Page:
March 2021 Academic & Specialist Arnoldsche

Courtly Companions: Pugs and Other Dogs in Porcelain and Faience Gun-Dagmar Helke, Hela Schandelmai

Hardback | Oct 2021 | Arnoldsche | 9783897906006 | 200pp | 280x220mm | RFB | AUD$108.00, NZD$130.00

Courtly Companions is a very special book for both enthusiasts of porcelain and dog lovers — and an enormous joy for all those for whom a passion for collecting and humour go hand in hand.

'Life without a pug is possible, but pointless,' as the German humourist and writer Vicco von Bülow, aka Loriot, is readily quoted as saying. Celebrity artist Andy Warhol too was a self-confessed pug enthusiast and took pleasure in being photographed with the diminutive dog. Yet long before it became a firm fixture in Pop culture, the pug enjoyed great popularity in high society.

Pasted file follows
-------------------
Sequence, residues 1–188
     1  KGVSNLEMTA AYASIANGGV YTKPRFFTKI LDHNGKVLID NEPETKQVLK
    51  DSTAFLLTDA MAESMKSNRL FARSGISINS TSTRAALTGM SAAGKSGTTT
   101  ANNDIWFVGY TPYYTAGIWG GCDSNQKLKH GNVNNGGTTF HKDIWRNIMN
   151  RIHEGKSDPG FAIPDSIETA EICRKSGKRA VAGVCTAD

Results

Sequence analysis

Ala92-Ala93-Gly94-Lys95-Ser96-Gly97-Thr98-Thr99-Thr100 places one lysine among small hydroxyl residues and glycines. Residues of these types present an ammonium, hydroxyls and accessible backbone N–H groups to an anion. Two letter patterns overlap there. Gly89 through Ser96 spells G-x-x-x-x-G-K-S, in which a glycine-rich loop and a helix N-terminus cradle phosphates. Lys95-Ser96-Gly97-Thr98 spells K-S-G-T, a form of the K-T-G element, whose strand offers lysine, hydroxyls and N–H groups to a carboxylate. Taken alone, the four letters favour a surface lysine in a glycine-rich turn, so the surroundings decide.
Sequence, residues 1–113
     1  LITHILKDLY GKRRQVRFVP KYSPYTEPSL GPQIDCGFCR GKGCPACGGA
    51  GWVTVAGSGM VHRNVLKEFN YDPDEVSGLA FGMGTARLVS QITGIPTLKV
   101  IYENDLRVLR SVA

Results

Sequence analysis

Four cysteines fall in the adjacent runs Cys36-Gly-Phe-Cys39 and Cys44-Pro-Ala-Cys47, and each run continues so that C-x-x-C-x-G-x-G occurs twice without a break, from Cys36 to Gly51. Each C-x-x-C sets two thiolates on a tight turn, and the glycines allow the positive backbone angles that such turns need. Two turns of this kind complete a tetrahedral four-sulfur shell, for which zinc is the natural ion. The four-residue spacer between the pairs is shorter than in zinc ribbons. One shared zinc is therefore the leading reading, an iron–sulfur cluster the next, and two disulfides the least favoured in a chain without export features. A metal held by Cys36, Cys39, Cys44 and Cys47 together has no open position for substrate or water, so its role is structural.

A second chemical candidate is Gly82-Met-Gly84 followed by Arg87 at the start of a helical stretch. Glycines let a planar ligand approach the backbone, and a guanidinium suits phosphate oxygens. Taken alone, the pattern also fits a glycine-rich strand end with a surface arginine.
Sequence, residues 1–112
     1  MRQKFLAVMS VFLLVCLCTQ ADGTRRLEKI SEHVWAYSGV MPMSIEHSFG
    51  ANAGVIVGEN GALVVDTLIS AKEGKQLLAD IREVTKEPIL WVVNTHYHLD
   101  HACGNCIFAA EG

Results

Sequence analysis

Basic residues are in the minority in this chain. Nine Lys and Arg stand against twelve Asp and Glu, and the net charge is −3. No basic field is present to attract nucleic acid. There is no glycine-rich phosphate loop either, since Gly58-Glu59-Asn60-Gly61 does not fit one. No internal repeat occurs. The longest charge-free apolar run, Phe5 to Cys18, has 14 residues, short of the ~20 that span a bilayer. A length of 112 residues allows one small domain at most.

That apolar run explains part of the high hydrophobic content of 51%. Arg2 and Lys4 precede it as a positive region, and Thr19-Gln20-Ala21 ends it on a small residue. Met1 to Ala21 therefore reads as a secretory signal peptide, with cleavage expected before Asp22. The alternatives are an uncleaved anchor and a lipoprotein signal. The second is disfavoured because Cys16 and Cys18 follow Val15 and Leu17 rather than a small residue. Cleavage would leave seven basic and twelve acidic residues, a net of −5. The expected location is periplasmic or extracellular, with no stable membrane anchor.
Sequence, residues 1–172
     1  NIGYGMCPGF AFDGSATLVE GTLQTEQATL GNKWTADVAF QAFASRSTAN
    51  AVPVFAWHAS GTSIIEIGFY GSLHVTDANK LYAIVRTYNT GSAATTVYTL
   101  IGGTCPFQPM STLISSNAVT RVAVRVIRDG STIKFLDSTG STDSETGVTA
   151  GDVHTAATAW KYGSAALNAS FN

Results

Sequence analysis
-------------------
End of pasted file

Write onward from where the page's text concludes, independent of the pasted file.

Pugs held a very special place in the Chinese Empire, for example, and for a long time were kept exclusively at the empirical courts. From the sixteenth century on, they came to Europe, where they fulfilled an important role as diplomatic gifts. Two hundred years later they found their way onto the laps of noblewomen — and with them, into the portraits of contemporary rulers.

The love of these small, panting dogs was also reflected in porcelain and faience. Between 1740 and 1760 Joachim Kaendler, the most renowned modeller of the Meissen Porcelain Manufactory, alone created over sixty variants of pugs – standing, lying, scratching, and performing tricks. In one example, Kaendler portrayed the pug belonging to Count Heinrich von Brühl in a splendid one-off, but he also produced models for serial production.